Hardened Malloc is a hardened memory allocator which can be used with many applications to increase security.
According to the author's GitHub description: 
This is a security-focused general purpose memory allocator providing the malloc API along with various extensions. It provides substantial hardening against heap corruption vulnerabilities. The security-focused design also leads to much less metadata overhead and memory waste from fragmentation than a more traditional allocator design. It aims to provide decent overall performance with a focus on long-term performance and memory usage rather than allocator micro-benchmarks. It offers scalability via a configurable number of entirely independently arenas, with the internal locking within arenas further divided up per size class.
Hardened Malloc is available from the Whonix ™ and Kicksecure ™ APT repository.  Users of these Linux distributions can install it easily with the following instructions.
Users of Debian (-based) Linux distributions other than Whonix or Kicksecure ™ need to first add the Whonix APT repository, which is documented on the Whonix Packages for Debian Hosts wiki page. For other distributions, refer to the Hardened Malloc Manual Installation instructions.
How-to: Launch Applications with Hardened Malloc
To launch individual systemd services with hardened malloc, add a drop-in systemd configuration snippet.
To launch other applications with Hardened Malloc, the
LD_PRELOAD environment variable must be edited before starting the application. For example, to launch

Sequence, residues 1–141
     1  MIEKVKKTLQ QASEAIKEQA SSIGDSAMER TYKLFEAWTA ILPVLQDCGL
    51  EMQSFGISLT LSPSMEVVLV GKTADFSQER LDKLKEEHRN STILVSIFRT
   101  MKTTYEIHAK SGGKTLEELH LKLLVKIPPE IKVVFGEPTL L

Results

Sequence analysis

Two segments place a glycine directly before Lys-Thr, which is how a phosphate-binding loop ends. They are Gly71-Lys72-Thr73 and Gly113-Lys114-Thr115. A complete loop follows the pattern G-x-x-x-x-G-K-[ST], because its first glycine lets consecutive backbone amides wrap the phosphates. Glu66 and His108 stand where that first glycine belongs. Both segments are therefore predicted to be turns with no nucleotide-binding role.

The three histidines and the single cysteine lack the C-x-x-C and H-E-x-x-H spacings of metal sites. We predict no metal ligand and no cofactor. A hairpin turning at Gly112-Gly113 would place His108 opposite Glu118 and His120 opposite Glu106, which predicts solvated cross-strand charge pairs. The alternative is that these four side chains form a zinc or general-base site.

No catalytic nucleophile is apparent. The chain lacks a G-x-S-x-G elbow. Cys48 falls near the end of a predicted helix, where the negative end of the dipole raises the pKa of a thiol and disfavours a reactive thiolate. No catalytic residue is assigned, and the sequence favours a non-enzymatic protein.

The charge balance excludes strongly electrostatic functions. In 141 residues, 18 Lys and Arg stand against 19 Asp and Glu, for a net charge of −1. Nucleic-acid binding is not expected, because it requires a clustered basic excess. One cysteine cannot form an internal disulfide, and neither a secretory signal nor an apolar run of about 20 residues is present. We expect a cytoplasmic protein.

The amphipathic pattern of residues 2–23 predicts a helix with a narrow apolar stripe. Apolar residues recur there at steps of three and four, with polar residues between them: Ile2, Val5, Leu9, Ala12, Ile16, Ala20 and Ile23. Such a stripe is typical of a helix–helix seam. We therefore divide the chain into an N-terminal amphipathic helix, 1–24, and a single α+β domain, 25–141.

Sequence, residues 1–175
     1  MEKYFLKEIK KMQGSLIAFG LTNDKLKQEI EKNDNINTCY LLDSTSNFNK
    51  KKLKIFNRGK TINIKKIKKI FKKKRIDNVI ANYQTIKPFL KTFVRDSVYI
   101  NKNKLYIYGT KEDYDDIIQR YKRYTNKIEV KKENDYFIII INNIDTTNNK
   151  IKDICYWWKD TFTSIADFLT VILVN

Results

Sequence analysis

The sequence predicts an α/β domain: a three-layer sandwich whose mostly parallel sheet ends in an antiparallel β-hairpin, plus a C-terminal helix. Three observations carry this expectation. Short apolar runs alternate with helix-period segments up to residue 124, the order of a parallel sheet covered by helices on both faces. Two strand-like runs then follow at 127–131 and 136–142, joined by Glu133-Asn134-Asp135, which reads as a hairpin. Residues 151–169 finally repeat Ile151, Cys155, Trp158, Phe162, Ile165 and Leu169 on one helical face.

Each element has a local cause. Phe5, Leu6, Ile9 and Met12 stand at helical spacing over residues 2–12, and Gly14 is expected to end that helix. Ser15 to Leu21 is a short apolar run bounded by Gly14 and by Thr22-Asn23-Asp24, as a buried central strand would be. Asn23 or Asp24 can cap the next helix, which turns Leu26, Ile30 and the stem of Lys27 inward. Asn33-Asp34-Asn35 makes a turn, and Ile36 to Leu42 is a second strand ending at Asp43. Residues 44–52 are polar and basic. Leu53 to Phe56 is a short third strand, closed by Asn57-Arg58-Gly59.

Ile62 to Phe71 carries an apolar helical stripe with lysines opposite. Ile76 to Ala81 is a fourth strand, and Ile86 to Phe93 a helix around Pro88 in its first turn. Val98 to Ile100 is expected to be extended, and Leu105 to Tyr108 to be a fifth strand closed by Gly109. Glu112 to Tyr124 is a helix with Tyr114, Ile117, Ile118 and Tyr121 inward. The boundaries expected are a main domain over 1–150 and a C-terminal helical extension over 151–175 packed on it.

application-name in this way, run.
All Applications by Default
Note: This action may break numerous applications such as man, apt or Xorg.
It is possible to make all applications use Hardened Malloc as the default memory allocator. To configure this option, the path to the
hardened_malloc.so library must be added to the
/etc/ld.so.preload file. 
It is unknown whether other browsers can benefit from Hardened Malloc.
Other applications might not easily benefit from Hardened Malloc for the same reasons outlined in the browsers section above.
Whether an application can benefit from Hardened Malloc or not depends on technical implementation details of the application in question. Vendors of applications will probably know if their application is compatible with Hardened Malloc. Community wiki contributions are most welcome -- please post any additional vendor Q&As here.
Credits and Source Code
This website [archive] is the software fork [archive] homepage for Hardened Malloc, with a focus on easy installation, added user documentation, and integration with Whonix, Kicksecure, Debian, and other distributions. The Whonix software fork source code can be found here [archive]. Continuous integration: travis CI [archive]
- https://github.com/GrapheneOS/hardened_malloc [archive]
- https://github.com/Whonix/hardened_malloc [archive]
/etc/ld.so.preload.ddrop-in configuration folder support [archive]
Tor Browser is also based on Firefox, therefore the following advice equally applies.
LD_PRELOAD='/path/to/libhardened_malloc.so' /path/to/program will do nothing or approximately nothing.
The reason is recompilation is necessary.
To successfully replace Firefox memory allocator you should either use LD_PRELOAD _with_ a --disable-jemalloc build OR Firefox's replace_malloc functionality: https://searchfox.org/mozilla-central/source/memory/build/replace_malloc.h [archive]